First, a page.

Reclaimed Pantiles

Pantiles made their way to our shores in the 17th century from Holland and are a popular sight on the east coast of England. They were traditionally made of clay and have an S-shaped profile. Since their inception, pantiles have changed in both design and material, with concrete being the most popular choice.

Buff Handmade – Reclaimed Roofing Tiles

Produced circa 1900 due to their rustic design and non-uniform profile and a common site in the Norfolk Area. Each tile will vary in appearance due to irregular bumps and

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Gaelic – Reclaimed Roofing Tiles

It is believed that these tiles were made in the North-West during the mid to late 1800s to replace thatched roofs. Quite different in appearance from other pantiles of this

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Marley Norfolk Concrete Pantile / Anglia Plus

One of Marley’s more popular tiles and still produced to this day. Similar to the Redland 52 but smaller in size, they possess a more delicate dish and a sidelock.

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Redland 52 – Reclaimed Roofing Tiles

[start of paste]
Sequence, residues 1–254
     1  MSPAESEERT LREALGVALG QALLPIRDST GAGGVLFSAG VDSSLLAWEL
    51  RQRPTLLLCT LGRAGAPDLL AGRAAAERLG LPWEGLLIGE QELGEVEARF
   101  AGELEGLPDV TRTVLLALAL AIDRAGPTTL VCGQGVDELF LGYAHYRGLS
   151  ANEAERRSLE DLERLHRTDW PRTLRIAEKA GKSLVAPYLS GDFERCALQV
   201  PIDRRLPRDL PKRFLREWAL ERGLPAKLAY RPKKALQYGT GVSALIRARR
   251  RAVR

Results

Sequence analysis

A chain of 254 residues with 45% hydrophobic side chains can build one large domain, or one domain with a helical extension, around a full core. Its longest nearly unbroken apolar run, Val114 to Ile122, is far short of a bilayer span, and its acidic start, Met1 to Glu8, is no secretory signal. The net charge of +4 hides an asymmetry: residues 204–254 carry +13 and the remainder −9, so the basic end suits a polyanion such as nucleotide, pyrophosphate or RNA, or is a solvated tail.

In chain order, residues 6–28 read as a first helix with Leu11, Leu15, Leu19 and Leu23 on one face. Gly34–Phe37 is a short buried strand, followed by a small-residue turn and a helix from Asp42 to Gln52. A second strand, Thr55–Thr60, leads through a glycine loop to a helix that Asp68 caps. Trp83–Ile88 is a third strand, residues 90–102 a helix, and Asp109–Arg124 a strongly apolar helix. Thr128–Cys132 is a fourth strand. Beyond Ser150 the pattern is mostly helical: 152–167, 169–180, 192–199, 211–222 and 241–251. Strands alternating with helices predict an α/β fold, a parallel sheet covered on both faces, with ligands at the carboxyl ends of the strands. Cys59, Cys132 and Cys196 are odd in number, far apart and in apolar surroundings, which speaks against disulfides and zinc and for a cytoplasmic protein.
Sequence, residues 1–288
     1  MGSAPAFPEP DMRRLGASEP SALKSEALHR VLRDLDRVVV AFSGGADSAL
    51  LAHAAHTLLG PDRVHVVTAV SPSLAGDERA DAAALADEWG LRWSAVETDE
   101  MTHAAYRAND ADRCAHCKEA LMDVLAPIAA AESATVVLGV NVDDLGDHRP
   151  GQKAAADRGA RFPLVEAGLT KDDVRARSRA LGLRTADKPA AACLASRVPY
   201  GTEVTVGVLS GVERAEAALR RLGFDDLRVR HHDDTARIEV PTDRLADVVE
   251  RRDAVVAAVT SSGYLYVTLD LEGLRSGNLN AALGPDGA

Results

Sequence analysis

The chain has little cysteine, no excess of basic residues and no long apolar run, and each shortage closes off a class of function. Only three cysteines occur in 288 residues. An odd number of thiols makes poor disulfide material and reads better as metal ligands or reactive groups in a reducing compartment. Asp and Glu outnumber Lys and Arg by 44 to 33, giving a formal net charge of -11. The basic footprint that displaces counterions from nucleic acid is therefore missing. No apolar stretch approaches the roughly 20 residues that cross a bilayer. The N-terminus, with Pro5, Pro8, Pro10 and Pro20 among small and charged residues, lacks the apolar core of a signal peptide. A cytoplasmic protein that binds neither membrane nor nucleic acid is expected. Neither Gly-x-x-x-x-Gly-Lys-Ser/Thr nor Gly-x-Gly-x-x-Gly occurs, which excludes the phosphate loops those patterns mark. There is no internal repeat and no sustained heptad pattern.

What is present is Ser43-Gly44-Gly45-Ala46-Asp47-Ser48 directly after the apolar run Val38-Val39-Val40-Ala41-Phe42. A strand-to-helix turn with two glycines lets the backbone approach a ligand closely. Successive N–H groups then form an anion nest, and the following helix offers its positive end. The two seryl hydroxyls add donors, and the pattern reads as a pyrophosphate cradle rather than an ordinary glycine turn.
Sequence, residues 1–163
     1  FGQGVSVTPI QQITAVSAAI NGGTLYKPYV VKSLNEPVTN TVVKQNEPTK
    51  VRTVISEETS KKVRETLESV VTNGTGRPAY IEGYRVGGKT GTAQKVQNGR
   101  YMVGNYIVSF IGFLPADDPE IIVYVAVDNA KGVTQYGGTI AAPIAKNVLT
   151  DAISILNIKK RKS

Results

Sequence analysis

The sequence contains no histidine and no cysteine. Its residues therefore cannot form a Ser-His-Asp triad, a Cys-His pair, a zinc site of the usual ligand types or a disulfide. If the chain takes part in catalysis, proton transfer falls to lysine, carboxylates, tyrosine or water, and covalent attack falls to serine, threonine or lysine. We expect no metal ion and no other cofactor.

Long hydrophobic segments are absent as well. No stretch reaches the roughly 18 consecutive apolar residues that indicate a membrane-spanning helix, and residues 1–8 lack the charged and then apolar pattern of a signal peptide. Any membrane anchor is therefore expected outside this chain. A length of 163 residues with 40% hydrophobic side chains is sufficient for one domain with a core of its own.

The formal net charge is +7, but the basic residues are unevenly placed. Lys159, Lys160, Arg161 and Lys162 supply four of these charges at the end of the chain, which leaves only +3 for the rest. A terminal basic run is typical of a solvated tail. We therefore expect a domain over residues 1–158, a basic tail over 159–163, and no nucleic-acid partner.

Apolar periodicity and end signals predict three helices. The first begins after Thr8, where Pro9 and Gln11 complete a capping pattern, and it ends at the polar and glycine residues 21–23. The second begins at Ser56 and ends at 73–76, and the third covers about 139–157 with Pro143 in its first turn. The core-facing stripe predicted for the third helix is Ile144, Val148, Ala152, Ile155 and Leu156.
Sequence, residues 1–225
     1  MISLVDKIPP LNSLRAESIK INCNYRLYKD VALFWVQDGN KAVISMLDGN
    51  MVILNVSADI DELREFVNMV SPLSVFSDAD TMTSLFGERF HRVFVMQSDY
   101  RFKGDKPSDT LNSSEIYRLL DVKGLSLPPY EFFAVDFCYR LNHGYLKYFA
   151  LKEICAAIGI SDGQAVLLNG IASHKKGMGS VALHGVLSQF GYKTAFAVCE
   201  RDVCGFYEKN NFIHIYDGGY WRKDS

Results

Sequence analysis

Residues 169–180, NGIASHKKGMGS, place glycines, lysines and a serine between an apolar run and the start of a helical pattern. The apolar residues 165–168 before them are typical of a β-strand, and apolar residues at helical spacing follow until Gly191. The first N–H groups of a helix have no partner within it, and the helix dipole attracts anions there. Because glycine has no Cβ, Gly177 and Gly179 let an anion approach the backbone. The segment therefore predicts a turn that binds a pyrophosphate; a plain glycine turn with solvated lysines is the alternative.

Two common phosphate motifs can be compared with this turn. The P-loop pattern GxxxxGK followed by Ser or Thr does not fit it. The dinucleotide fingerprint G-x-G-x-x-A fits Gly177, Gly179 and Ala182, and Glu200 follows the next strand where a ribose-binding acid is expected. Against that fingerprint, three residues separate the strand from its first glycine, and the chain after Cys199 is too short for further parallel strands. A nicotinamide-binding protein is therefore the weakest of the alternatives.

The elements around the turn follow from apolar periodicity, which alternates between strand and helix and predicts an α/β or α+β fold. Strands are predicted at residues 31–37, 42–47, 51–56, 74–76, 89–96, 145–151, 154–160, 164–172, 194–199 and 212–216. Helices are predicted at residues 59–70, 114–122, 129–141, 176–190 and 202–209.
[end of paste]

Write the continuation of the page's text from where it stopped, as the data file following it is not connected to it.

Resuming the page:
Large compared to most other pantiles and feature a deep dish with a sidelock. These tiles possess a granulated finish and are available in a variety of colours.

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Sterreberg Courtrai Pantile – Reclaimed Roofing Tiles

Sharing the same name as the Sterreberg Courtrai interlocking tile, this pantile is bigger and possesses a dish that you would expect from a pantile and a unique headlock and

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Tilehurst Pantile – Reclaimed Roofing Tiles

Much like their plain tiles, Tilehurst pantiles are high-quality tile and very robust. Larger than other clay pantiles, they feature a deep dish and a big overlapping roll. These tiles

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